It’s time to get slaughtered, and not in the alcoholic, “call me an ambulance” sense. I thoroughly enjoyed Blu & Exile’s “Below the Heavens”, but while I wouldn’t call it a classic, it is certainly a great example of modern hip hop (despite being seven years old). Since then though, Blu hasn’t grabbed me with any of his subsequent records, and even when he did reunite with Exile for “Give Me My Flowers While I Can Smell Them”, it wasn’t as jaw-dropping as their debut. With Exile going on to work with Fashawn on the superb “Boy Meets World” and this year’s slept-on gem “Dag Savage” with Johaz, Blu has delivered another largely disappointing album.
There wasn’t really any need for two discs, being as they total 76 minutes between them. Last time I checked, CDs could hold up to 80 minutes of music. A minor point, but a strange decision nonetheless – certainly annoying if you don’t have a car with a CD changer (that isn’t the wife). But what of Blu, the emcee that’s faced the underground equivalent of Nas’ “Illmatic” situation? His debut with Exile is held in high regard by critics and fans alike, and it’s still one of my favorites seven years after its release, but is Blu’s “Good to Be Home” a return to form? Frankly, no.
There’s too many tracks with guests for a start, that Blu is often kicked to the side on his own project. It’s not so much “Good to Be Home” but “Good To Have Friends”, with a who’s who of LA artists all chipping in. LMNO, Fashawn, Phil Da Agony, Evidence, Co$$ and numerous others all lend their tones but none really steal the show. The one collaboration that works well is “Red & Gold” which sees Prodigy’s bluntness pull Blu back down to earth from his abstract rhymes that resonate throughout a lot of his recent work. It also kicks the second disc in to a higher gear, following the first disc’s dreariness. “Child Support” grabs the listener by both ears, not only because of the cranium swinging pace of the production, but the fact Blu’s talking about how he doesn’t want to follow in his father’s footsteps.
Nothing is more frustrating than hearing Evidence and Alchemist rapping clear as crystal, over what can only be described as what you hear in a nightclub toilet. Not the local slut being taken up the shitter in the nearest lavatory, but the bass-y, distorted sounds pumping through the walls. At times, it’s bordering on un-listenable. It’s a strange experience, because everything sounds like it was produced underwater. Lo-fi mix-downs, either due to artistic direction or simply saving money on the engineer is a noticeable feature of the album that will likely make or break this record for many. If you throw this on after listening to the Step Brothers or Rick Ross album, it’s like losing an ear – yet somehow, Bombay is gifted enough to make the most muffled of beats drill in to the listener’s subconscious.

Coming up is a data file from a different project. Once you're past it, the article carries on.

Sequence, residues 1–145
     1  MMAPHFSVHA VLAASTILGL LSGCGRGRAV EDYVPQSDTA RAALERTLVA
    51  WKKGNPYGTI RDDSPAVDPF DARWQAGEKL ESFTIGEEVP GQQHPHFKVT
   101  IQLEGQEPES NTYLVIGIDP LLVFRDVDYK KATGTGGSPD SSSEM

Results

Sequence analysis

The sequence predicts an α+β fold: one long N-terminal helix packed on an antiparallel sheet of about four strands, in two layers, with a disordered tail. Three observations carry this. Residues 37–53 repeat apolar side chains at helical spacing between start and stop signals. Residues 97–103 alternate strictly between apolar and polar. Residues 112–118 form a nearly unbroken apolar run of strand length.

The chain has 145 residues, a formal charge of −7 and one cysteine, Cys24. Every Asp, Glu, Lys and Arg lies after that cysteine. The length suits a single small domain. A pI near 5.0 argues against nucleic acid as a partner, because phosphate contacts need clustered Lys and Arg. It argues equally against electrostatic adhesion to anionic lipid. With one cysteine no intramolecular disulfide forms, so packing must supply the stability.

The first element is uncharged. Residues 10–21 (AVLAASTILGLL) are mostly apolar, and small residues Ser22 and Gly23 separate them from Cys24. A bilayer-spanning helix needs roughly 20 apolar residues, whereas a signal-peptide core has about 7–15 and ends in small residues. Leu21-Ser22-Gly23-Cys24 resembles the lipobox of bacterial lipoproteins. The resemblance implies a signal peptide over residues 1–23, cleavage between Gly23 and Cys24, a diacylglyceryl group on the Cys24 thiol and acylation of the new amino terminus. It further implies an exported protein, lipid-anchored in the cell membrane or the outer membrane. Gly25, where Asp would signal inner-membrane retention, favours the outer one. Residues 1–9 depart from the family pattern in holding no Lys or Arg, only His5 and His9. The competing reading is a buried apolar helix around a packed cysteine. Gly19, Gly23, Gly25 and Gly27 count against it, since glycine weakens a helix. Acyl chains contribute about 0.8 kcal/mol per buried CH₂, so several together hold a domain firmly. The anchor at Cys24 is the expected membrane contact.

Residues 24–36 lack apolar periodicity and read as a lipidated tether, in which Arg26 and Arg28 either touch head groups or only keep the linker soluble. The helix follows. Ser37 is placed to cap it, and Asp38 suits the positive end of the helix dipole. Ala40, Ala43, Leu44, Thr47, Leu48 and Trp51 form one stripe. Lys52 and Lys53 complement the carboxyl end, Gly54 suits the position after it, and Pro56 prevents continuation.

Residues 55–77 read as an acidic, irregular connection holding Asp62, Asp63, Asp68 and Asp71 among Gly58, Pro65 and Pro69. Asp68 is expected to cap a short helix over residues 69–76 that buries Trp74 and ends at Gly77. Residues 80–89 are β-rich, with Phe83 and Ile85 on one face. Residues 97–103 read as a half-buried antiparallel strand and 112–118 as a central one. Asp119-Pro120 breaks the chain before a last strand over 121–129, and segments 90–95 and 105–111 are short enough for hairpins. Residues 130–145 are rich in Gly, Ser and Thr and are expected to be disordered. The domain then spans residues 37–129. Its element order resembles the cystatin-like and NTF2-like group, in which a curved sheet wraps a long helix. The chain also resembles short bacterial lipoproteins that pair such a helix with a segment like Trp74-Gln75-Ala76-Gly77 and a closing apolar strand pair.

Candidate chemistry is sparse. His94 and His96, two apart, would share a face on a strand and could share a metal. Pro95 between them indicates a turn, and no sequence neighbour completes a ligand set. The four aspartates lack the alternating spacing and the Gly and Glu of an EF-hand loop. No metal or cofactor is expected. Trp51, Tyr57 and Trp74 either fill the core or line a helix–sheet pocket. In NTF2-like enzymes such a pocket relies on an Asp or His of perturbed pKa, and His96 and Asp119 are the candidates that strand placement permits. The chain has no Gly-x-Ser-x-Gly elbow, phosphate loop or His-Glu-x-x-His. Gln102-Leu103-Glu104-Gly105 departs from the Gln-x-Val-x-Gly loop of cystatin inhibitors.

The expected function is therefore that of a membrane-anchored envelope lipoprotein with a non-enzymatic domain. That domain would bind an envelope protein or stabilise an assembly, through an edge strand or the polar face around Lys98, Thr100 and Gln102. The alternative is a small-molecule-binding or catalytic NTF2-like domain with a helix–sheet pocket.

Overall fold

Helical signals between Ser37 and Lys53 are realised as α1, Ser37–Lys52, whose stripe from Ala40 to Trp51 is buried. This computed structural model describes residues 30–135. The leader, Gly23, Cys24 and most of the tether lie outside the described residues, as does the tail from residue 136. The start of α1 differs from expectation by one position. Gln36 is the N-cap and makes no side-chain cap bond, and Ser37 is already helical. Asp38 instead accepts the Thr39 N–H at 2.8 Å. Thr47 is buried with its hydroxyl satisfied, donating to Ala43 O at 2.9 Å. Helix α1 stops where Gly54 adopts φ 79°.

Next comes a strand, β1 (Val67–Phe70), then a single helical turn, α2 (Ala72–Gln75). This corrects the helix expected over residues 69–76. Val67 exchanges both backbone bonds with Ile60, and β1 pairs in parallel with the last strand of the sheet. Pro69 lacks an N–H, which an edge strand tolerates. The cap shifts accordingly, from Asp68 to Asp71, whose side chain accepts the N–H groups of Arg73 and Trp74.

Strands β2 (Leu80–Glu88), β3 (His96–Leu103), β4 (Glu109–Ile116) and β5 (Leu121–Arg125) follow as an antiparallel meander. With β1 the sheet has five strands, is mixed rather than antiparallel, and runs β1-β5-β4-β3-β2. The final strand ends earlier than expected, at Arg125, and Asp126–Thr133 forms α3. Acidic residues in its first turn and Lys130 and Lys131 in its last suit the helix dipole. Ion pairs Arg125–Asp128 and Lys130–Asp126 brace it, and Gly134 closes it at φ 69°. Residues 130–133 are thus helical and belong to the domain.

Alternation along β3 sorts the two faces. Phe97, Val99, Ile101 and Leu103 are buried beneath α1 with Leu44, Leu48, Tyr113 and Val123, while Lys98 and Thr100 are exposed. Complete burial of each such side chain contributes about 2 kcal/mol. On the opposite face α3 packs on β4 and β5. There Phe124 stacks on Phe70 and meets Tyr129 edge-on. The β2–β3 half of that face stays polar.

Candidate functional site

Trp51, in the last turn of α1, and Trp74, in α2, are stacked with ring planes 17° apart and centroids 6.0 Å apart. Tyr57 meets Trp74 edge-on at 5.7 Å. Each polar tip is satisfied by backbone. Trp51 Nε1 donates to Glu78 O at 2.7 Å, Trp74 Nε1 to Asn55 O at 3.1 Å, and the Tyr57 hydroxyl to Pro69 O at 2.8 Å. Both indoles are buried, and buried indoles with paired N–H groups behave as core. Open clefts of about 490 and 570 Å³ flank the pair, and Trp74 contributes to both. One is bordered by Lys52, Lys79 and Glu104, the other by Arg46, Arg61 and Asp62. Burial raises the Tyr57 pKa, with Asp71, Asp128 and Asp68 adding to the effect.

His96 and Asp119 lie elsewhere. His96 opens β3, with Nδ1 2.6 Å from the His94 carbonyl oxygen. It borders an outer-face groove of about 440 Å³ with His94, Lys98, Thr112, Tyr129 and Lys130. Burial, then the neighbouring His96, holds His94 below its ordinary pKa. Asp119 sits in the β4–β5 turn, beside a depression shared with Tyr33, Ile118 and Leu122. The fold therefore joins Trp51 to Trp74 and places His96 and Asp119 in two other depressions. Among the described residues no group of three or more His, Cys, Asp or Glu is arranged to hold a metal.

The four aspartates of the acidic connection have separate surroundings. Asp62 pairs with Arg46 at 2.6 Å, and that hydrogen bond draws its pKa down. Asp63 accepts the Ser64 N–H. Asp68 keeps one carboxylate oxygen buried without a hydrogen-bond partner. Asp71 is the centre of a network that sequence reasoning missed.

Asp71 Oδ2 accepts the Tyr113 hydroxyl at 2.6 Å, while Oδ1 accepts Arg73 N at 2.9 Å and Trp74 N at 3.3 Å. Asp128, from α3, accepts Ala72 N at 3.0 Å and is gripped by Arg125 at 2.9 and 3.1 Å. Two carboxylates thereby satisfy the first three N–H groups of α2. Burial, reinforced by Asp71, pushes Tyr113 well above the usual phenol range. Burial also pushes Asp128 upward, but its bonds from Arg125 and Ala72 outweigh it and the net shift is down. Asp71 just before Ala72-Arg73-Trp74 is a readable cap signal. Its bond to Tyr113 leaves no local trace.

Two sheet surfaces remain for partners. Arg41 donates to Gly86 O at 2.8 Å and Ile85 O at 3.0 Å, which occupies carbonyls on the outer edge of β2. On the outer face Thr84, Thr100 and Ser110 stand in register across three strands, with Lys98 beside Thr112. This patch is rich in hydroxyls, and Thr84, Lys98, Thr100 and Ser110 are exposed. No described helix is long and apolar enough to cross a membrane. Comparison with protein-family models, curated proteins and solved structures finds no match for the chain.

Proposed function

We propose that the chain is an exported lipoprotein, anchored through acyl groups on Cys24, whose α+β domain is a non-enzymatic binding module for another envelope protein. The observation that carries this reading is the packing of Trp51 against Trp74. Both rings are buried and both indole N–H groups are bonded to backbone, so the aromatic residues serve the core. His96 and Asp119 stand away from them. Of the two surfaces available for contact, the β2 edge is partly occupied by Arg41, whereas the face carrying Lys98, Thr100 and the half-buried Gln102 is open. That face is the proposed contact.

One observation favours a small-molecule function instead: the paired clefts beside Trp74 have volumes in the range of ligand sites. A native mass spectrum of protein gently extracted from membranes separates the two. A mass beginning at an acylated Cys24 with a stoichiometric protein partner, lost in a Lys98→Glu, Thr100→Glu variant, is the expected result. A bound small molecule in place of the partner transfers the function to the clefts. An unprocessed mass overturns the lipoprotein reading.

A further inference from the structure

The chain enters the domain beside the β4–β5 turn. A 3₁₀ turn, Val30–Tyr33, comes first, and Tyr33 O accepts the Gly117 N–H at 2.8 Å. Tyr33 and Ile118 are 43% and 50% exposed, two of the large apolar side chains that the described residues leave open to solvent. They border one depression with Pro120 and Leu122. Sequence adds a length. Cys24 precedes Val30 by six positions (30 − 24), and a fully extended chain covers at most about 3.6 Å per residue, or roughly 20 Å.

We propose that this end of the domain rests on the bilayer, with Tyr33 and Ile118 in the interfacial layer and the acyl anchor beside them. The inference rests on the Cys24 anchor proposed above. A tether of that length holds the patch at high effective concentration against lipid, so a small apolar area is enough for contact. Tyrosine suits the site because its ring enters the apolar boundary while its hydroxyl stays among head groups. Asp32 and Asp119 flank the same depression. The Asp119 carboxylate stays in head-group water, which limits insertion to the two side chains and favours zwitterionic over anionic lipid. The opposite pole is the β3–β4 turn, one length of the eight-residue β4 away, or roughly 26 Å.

The beats are still catchy, yet they lack certain sheen, as if you are often listening to the music through some tinny laptop speakers. Some songs benefit from the budget sound (“Angel Dust” is funky as hell) but are negated by horrid concoctions like “Rap Dope”, which is essentially three minutes of pure tinnitus. “The 50z” is a fun, infectious number that complements tougher tales of “The West”. Yet, as each track passes you’ll realize that none of them are particularly memorable. Blu has lost some of his perspicuousness, one of his best assets that lit up “Below the Heavens”, and that’s a god-damned shame.
“Good to Be Home” isn’t a horrible album, but one that clearly benefits from a certain audio set up. No matter how I listen to it though, whether it’s through headphones or in the car, I can’t appreciate it as much as I should. We all know Blu is one of the best lyricists in the game, but he’s testing our patience yet again with another frustrating release. This is an album of two halves, and you may not have stuck around to experience the second disc by the time the first finishes. It’s a tough listen. There’s a reason it’s taken over six months to get a review done, because it’s not an album that has grabbed me, and I’ve been in denial following the reception its received from other websites. This album is an effort to listen to, and it’s pissed me off more than it should.
Maybe I will get slaughtered in the alcoholic sense after all.